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Tour de CLARIN: Interview with Pilar Barbosa

Submitted by Karina Berger on

Interview by Jakob Lenardič

Pilar Barbosa is an associate professor of general and Portuguese linguistics who has benefited from PORTULAN CLARIN tools in the annotation of a spoken-language corpus that she used in her syntactic research.

1. Please introduce yourself – your academic background and current position.

I am an associate professor of General and Portuguese Linguistics at the Department of Portuguese and Lusophone Studies, Universidade do Minho. I hold a PhD in theoretical linguistics from the Department of Linguistics and Philosophy at the Massachusetts Institute of Technology (MIT). My 1995 thesis, entitled Null Subjects, was written under the supervision of Noam Chomsky and Alec Marantz. My research interests are formal syntax, the interfaces between syntax and morpho-phonology and semantics, comparative syntax, experimental syntax, language variation and Portuguese and Romance linguistics. I am currently director of the master’s program in Linguistics at the University of Minho and coordinator of the research group Theoretical and Experimental Linguistics at the Centre for the Humanities at UMinho (CEHUM).

2. With Cristina Flores, you are a part of the so-called 'network of implementation partners' in the context of PORTULAN CLARIN. How did you get involved in the network? What are the goals of your involvement (e.g., what will you contribute to PORTULAN and how will you benefit from PORTULAN)?

I got involved through Professor António Horta Branco, whom I've known since 2000. In 2003, I participated in the project GramaXing, which he coordinated, and then later he invited CEHUM to join the PORTULAN CLARIN network. CEHUM is a humanities research centre and there are several ways in which the PORTULAN CLARIN tools can be helpful. As a linguist, I am particularly interested in spoken corpora, but as part of the projects developed by CEHUM researchers, there are a number of literature and theatre digital databases that will certainly benefit from the tools developed by the PORTULAN CLARIN network.

3. Which PORTULAN CLARIN tools have you used to annotate your corpora? Could you describe the annotation process? Which features made these tools especially valuable for your purposes?

I have used the LX-Tagger, developed by the NLX-Natural Language and Speech Group, which is the coordinating centre of PORTULAN and is led by Professor António Horta Branco. I had the transcriptions of the spoken corpus Sociolinguists Profile of the Speech of Braga in the EXMARaLDA format and I wanted the text to be annotated so as to facilitate automatic searches for particular syntactic constructions. The NLX team ran the LX-Tagger and then we hired two (half-time) research assistants, who manually verified the part-of-speech annotation, here at the Universidade do Minho. Now the annotated corpus is available for public use in the repository of PORTULAN CLARIN.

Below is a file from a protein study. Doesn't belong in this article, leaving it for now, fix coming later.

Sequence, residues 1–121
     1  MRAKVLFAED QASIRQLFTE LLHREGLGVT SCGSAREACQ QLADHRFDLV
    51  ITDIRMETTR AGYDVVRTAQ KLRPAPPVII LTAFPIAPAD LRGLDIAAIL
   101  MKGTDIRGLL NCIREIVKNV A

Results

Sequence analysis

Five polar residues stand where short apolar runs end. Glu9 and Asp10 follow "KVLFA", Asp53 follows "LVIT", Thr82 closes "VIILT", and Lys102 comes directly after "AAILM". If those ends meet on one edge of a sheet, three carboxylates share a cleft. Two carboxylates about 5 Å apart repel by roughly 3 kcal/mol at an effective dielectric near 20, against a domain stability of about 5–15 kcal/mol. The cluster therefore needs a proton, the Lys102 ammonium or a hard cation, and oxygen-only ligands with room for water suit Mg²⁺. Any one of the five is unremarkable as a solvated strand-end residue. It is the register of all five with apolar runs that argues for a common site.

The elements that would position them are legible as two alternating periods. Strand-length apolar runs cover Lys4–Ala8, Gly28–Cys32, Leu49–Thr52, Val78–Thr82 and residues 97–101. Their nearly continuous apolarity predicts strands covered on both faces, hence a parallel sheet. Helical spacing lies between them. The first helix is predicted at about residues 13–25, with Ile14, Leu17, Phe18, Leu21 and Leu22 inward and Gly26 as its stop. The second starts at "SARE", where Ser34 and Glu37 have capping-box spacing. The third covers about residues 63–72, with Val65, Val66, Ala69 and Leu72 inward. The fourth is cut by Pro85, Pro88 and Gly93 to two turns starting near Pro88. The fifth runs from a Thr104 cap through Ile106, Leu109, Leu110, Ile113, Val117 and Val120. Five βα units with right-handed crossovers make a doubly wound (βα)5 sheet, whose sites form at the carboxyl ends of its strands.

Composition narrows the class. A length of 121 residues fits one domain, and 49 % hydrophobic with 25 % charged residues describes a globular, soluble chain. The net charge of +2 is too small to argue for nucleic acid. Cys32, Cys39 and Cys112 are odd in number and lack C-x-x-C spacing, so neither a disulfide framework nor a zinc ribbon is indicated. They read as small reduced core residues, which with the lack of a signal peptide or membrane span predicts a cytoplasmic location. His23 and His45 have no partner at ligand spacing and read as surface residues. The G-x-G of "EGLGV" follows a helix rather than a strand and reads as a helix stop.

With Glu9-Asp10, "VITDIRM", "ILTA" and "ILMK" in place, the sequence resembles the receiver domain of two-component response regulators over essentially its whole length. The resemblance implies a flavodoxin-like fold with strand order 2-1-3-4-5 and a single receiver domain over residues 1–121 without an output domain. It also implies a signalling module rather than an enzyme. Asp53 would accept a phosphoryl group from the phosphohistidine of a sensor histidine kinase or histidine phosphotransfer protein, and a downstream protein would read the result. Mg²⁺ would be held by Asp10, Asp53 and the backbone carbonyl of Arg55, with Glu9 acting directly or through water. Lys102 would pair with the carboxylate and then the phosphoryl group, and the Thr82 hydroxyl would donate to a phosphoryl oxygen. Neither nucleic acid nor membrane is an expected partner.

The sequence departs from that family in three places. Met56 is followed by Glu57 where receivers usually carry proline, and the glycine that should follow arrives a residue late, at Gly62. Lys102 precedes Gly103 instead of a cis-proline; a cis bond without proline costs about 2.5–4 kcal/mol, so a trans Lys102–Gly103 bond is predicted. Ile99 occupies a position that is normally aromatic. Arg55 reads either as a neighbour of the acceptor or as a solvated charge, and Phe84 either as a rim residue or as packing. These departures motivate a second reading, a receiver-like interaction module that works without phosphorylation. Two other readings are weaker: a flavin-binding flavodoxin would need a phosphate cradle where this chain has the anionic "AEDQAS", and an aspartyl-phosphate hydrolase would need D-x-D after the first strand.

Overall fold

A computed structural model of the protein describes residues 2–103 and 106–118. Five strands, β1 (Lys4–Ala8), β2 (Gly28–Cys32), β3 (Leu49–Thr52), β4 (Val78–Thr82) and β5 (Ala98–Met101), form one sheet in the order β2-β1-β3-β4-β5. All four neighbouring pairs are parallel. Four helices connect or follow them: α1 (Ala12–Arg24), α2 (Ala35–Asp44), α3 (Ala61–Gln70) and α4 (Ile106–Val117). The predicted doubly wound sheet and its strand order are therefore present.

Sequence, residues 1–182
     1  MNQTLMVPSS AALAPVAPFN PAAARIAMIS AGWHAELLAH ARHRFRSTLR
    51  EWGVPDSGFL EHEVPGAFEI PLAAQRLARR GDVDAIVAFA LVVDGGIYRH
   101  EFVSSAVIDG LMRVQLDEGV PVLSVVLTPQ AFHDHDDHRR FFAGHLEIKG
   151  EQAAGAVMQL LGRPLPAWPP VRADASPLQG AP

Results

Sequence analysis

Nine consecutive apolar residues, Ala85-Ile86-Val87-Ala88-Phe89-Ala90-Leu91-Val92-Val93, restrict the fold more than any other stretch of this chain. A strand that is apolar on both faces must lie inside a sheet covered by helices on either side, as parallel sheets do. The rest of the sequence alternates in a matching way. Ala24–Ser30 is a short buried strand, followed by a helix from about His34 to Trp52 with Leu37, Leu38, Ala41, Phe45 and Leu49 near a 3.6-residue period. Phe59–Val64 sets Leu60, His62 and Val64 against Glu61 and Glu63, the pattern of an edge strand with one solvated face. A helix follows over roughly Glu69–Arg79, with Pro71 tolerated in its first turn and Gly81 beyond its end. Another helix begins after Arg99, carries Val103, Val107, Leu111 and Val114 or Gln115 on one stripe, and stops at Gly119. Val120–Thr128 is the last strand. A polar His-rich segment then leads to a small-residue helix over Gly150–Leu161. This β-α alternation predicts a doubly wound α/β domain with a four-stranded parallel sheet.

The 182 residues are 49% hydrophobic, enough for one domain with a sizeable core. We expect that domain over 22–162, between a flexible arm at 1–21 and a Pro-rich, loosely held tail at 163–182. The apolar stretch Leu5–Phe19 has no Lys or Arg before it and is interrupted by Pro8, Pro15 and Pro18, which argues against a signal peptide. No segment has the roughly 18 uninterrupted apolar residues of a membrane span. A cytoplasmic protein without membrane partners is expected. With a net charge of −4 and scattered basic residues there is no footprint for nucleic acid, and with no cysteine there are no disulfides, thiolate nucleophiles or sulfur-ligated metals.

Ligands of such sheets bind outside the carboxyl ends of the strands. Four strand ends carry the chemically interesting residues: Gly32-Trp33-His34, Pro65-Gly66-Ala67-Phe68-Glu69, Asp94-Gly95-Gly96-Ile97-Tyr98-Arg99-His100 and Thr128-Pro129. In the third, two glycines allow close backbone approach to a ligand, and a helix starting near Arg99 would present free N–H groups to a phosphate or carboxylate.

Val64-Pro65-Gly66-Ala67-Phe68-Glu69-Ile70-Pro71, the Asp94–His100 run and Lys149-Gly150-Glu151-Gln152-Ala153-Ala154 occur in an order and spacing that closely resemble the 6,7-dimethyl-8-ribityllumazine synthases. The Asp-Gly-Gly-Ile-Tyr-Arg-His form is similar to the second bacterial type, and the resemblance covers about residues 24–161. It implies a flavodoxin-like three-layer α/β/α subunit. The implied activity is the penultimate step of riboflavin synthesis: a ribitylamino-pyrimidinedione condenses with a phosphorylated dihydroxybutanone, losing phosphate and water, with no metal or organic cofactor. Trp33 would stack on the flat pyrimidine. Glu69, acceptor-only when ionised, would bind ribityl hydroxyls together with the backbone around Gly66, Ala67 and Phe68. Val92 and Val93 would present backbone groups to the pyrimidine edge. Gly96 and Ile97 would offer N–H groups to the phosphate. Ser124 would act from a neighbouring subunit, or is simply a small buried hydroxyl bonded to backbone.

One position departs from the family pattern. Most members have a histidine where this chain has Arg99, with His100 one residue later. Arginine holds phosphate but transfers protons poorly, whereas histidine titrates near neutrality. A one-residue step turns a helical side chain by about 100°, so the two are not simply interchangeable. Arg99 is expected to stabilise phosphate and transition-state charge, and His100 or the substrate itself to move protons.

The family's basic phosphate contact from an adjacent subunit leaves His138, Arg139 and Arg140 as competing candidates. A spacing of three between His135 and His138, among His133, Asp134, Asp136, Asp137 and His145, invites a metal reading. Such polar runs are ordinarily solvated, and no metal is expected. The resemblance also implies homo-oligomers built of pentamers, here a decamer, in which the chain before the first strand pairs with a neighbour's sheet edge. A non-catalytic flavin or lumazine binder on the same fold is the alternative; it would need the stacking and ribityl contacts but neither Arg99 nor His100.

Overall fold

4. Could you briefly present these corpora? For what kind of research are they (or will they be) intended?

The Sociolinguists Profile of the Speech of Braga is a Portuguese speech corpus with eighty hours of recorded spontaneous speech, aligned with its transcription in the EXMARaLDA format. It is composed of one-hour interviews with speakers from Braga, Portugal, randomly selected and stratified according to sex, age and level of education. Thus constructed, the corpus is representative of contemporary Portuguese spoken in the city of Braga and allows for the study of variation and change in European Portuguese.

5. Your research primarily involves theoretical syntax, which does not often involve the exploration of linguistically annotated corpora. How do you think your field in general can benefit from syntactically parsed corpora?

In Principles and Parameters theory (Chomsky 1986), intra-linguistic and cross-linguistic variation are conceived in the same way, i.e., in terms of a differentiated application of parameters (pre)determined by universal principles. In more recent developments of this research program, such as the Minimalist Program (Chomsky 1995 and subsequent work), the parameters are in the functional lexicon, more particularly, in the feature content of the functional inventory of the language. This framework has been explored in the study of macro-parametric variation and micro-parametric variation within a range of different languages, including Portuguese. However, in order to study intra-linguistic variation and identify ongoing processes of language change, we need to carry out quantitative analyses and these require the collection of data samples that may be considered representative of a linguistics community. This is why I have become interested in corpus data. Annotation enables faster searches for particular constructions.

6. Have you used such corpora or any other tools (developed by PORTULAN) in your syntactic research? Could you briefly present the main results?

The results of our research on the corpus Sociolinguists Profile of the Speech of Braga have been published in a John Benjamins volume, entitled Studies on Variation in Portuguese. I have contributed two papers. In one paper, written in collaboration with Cristina Flores and Ana Bastos-Gee, we studied a particular case of variable syncretism found in the region of Minho in Portugal, involving the 1st and 3rd person singular forms of 'strong' preterites. In the speech of some speakers, these forms can be levelled and levelling can be obtained in two ways, by shifting the 3rd person to 1st person (as in the sentence Não sei se ele.3sg fiz.1sg aquilo... 'I don’t know if he did that ...' where the preterite verb fiz 'did' has first person singular features despite the third person subject pronoun ela 'she') or, alternatively, by shifting the 1st person to the 3rd (as in E então que fez.3sg eu.1sg? 'And then what did I do?', where the preterite verb fez 'did' has third person singular features whereas the pronoun subject eu 'I' has first person features).